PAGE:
We see an aging parent beginning to fail in some way and we pretend it’s not true. They always handled the checkbook fine so why not now? The answer is that aging and dementia take their toll. At least a third of people over age 85 have dementia and there are probably many more who have symptoms of the disease but have not been diagnosed. Parents with memory loss and dementia need our help a lot more than they need full independence about everything, especially money.
Rob will very likely end up supporting his father, a huge burden for him. Mitch is now facing possible legal action to have his mother declared incompetent before the freeloader she let move into her home steals her blind. And Jennifer’s Dad is now missing for a week. No one can find him or his car. Will he be found alive? All of these adult children have a much more sober look now at this concept of “honoring their parents’ independence”. They all have their regrets.
It is my sincere hope that you will see that “honoring parents’ independence” can be a myth. It sounds nice. We do honor their independence as much as we can but within safety limits.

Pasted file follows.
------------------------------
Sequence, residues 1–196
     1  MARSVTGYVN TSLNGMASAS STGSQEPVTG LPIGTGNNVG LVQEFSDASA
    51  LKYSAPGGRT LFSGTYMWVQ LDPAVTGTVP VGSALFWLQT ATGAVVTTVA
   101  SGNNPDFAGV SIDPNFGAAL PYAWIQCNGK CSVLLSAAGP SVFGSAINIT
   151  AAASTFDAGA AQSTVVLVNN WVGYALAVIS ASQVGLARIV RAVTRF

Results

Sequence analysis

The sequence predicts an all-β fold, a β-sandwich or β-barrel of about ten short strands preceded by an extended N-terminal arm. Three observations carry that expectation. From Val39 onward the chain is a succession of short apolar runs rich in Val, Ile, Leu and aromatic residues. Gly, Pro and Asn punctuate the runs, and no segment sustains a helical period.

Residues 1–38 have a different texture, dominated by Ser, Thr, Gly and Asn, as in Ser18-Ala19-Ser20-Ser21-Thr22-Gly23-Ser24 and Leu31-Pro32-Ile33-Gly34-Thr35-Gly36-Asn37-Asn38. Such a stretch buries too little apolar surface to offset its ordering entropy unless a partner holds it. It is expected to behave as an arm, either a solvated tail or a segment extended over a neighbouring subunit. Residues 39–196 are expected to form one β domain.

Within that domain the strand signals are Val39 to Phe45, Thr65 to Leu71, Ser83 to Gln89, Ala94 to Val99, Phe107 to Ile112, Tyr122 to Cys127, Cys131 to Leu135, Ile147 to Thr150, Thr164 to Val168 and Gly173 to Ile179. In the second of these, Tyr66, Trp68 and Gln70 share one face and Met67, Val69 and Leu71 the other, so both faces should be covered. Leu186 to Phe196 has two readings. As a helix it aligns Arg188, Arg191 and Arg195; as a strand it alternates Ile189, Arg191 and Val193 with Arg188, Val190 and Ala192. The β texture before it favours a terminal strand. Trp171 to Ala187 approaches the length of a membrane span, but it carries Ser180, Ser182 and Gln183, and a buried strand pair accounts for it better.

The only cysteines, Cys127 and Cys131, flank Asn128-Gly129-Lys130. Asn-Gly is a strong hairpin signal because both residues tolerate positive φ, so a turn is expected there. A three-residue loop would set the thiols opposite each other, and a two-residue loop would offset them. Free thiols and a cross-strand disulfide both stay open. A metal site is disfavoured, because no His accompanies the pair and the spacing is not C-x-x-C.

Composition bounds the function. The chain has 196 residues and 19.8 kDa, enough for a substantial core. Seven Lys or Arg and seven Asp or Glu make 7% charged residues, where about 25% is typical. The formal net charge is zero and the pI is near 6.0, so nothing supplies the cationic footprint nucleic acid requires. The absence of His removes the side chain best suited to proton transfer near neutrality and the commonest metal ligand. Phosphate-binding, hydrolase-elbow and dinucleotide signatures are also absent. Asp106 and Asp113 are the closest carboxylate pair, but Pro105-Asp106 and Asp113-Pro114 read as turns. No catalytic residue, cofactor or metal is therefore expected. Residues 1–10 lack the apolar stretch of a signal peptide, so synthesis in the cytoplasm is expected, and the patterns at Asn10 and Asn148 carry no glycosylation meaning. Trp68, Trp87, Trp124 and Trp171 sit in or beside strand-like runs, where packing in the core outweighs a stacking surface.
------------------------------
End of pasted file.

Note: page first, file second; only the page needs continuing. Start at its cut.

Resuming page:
If you have a loved one with memory loss, beware.
Here are three things you can do now to help your aging parent have freedom but under your watchful eye and your necessary control.
1. Get a Durable Power of Attorney for Finances and a healthcare directive as soon as your aging parent is given any diagnosis of “early memory loss”, “mild cognitive impairment” or dementia, including Alzheimer’s Disease. All of these conditions are highly likely to put your parent in danger with financial decisions sooner rather than later.
2. Suggest adding your name to the checkbook or other accounts where your aging parent keeps the cash. You can then monitor the accounts online as a safety precaution. If need be, you can transfer the bulk of assets out of a parent’s reach so they will not be ripped off by having access to it. They keep the regular check book, but with a lot less in it. Ditto for other accounts Dad or Mom can tap. Cut up excess credit cards and watch all activity online.
3. Have a heart to heart talk with any elderly parent over age 80 about driving. My mother in law, Alice is 91 and still drives, but she limits herself to daytime and short distances. She does not have memory loss. Most elders must limit driving as they age. If Jennifer had recognized that her father could get confused, she could have offered to drive him to dinner or suggested other means of transportation at night and in the rain when visibility is more limited. Maybe it was time for him to give up the keys well before the night he went missing.
If you have trouble with your aging parent and they don’t want to talk about the subject of money, much less give anyone a Durable Power of Attorney for Finances, you will benefit from our eBook “How to Talk to Aging Parents About Finances’. Get your copy now by clicking here.
Until next time,